LAS VEGAS – It’s been more than a century since the Titanic struck an iceberg and sank to the bottom of the Atlantic Ocean – but despite the decades that have passed since 1912, the memory and legacy of the “unsinkable ship” continue to mesmerize historians and enthusiasts.
For the first time since opening its doors 10 years ago, the "Titanic: The Artifact Exhibition" in Las Vegas has unveiled never-before-seen artifacts that help paint the picture of the historic shipwreck.
“We wanted to celebrate a new decade at the Luxor. So we selected 20 new items that had never been seen before, as well as items that had never been seen together or in Vegas itself,” Alexander Klingelhofer, Experiential Media Group executive director for collections, told Fox News.
Some of the artifacts include an hourglass, a pair of old leather boots, a case with test tubes and a cosmetics jar with cream, among other items.
“The last time we recovered artifacts was in 2004,” Klingelhofer told Fox News. “When we recover artifacts, we're the stewards forever. So that means we have to treat them initially and each type of material takes a long time to treat -- we select those things that we think would be compelling to the current audience. But, we never stop conserving things. We never stop researching them.”
The luxury British steamship was carrying 2,223 passengers when it set sail on its maiden voyage from Southampton, England – making stops in France and Ireland before heading for New York.
On April 15, 1912, the Titanic struck an iceberg off the coast of Newfoundland, and 1,517 people died and 706 others were rescued, according to the U.S. Senate Report on the incident.
“A key element of the Titanic and why it resonates so much with people is because of the idea that this was the unsinkable ship. This was a technological wonder that was going to change the way that humans dealt with the environment,” Deirdre Clemente, University of Nevada, Las Vegas public history professor told Fox News. “But as we learned from that and of course, we're learning in many other different kinds of ways about technology today is that it can create as many problems as we think it solves and humans are still vulnerable to the elements as much now as we were then.”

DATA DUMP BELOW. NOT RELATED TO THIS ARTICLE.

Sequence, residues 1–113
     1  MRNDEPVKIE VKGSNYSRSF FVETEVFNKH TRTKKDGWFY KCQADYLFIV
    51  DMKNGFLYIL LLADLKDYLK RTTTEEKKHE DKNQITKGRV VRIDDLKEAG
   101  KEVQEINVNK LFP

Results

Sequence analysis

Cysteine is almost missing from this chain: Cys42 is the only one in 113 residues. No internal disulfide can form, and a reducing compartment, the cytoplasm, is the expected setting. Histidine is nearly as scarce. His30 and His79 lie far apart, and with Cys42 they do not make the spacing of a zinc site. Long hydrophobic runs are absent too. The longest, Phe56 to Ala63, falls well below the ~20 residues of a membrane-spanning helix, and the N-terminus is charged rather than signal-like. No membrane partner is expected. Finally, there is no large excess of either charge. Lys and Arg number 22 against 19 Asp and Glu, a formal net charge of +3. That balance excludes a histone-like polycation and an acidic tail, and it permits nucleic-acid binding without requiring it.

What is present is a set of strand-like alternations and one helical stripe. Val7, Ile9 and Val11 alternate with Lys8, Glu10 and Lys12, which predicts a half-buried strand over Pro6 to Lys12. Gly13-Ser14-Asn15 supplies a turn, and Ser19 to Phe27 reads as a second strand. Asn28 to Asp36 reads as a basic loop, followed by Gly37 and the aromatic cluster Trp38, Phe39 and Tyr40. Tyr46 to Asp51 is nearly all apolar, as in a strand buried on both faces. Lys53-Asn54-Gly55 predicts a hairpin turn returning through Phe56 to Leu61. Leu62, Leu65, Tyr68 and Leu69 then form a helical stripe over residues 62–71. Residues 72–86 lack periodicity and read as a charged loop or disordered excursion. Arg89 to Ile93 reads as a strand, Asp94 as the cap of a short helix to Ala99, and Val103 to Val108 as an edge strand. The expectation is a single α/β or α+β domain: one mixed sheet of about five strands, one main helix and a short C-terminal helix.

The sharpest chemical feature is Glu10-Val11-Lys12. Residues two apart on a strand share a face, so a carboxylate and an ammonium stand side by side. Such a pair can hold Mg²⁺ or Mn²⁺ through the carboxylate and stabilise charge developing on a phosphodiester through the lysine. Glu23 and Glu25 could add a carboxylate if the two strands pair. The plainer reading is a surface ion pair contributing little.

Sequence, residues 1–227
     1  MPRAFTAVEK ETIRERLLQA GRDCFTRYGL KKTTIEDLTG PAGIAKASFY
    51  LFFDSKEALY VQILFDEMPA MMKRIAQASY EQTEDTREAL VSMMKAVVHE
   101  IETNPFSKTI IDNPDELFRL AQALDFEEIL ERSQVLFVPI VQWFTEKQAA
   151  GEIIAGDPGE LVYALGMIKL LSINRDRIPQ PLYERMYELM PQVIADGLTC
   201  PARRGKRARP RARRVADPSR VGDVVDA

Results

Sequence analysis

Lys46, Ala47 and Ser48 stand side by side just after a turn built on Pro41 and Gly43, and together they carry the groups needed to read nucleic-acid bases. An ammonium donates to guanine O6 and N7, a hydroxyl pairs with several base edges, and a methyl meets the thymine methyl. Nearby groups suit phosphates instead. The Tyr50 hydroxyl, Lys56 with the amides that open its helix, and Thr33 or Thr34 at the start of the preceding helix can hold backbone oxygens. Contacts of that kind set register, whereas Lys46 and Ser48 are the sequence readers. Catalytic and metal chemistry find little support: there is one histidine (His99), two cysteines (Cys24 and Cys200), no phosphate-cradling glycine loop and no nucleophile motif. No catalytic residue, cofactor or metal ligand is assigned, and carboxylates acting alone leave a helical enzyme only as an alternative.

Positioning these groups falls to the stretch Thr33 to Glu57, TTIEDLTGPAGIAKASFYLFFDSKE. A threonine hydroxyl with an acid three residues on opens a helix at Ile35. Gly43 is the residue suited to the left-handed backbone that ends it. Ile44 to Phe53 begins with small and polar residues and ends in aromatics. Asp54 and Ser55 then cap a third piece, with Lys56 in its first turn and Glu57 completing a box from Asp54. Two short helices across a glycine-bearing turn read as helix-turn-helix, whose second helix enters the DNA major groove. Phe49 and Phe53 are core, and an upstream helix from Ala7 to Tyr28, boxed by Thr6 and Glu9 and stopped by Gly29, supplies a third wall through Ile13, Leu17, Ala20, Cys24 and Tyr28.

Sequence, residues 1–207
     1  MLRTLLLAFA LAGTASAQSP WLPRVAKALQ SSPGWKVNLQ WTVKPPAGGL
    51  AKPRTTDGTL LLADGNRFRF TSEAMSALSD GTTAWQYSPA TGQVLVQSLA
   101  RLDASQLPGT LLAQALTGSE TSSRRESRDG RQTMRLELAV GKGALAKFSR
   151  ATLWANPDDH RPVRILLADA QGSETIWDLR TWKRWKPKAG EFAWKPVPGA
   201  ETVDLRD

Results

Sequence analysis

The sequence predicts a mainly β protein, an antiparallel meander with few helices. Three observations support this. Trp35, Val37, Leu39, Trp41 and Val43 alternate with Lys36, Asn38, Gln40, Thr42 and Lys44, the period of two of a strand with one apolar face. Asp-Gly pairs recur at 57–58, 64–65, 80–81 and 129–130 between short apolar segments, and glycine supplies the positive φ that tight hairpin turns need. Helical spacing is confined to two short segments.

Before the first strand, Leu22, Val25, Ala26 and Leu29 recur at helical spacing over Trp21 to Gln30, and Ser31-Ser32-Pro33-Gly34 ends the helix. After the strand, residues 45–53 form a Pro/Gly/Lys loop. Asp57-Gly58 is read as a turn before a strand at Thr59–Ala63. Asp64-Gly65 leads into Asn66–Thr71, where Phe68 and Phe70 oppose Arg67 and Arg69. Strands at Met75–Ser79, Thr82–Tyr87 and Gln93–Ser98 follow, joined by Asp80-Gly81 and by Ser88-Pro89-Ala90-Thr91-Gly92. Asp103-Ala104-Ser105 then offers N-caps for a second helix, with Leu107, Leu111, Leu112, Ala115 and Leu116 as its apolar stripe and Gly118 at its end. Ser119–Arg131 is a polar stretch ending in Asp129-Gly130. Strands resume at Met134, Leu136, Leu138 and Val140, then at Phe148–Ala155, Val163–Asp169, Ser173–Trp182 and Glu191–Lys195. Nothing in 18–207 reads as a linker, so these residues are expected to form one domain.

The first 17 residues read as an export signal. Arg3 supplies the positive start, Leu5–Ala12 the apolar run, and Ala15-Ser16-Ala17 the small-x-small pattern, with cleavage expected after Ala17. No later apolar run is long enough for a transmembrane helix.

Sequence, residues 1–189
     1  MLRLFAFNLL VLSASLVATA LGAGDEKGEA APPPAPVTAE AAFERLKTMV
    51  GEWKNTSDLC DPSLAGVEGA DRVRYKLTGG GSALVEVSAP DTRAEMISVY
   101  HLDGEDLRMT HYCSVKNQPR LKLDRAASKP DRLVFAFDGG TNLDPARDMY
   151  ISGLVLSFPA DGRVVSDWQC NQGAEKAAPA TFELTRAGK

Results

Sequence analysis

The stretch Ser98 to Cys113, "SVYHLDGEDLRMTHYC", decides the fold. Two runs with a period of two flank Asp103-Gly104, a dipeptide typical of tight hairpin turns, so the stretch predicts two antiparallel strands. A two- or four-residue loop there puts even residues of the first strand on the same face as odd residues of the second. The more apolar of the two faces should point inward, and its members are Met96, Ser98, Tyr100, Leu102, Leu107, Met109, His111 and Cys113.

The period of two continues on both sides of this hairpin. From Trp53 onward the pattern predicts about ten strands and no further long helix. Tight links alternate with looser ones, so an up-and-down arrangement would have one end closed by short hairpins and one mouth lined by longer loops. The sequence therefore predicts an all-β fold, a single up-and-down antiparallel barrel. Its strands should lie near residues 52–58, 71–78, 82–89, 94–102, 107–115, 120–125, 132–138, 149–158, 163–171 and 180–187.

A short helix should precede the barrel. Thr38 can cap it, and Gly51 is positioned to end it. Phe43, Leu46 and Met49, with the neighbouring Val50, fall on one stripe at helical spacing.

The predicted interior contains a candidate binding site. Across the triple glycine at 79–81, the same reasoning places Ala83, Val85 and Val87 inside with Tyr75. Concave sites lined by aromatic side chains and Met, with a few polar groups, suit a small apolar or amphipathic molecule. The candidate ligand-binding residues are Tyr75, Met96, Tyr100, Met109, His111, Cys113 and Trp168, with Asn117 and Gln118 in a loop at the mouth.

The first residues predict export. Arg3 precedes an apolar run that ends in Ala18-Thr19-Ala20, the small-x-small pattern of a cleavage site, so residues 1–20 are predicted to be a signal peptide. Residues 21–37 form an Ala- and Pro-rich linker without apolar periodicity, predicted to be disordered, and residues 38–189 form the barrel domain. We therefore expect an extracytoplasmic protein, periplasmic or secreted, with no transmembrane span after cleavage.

The exhibition inside the Luxor is the largest Titanic museum in the country and takes visitors on an emotional journey – connecting people to the ship and its passengers through the artifacts that helped identify those on the ill-fated voyage.
“It's an empathetic experience because you are going through their lives,” Klingelhofer said. “It teaches you about people, about social norms, many different things you can learn along the way.”
While the ship continues to rest at the bottom of the Atlantic Ocean, Mother Nature continues to take its course – closing the window for researchers to explore and gather more data from the wreckage.
“There is a steady decrease of the viability of the ship itself and therefore of the artifacts themselves as well -- the artifacts are strewn in the debris field,” Klingelhofer explained. “But yes, the rusticles are working hard to return the steel back to nature. I mean it's manmade, it wants to go back to being iron ore.”
Klingelhofer told Fox News RMS Titanic Inc. has filed with a judge for an expedition to the Titanic sometime in 2020 in hopes of learning more about the deterioration, as well as additional research on artifacts and marine life.
Remains of the Titanic are protected from people diving for valuables thanks to a treaty between the United States and the United Kingdom that was ratified last month by Secretary of State Mike Pompeo.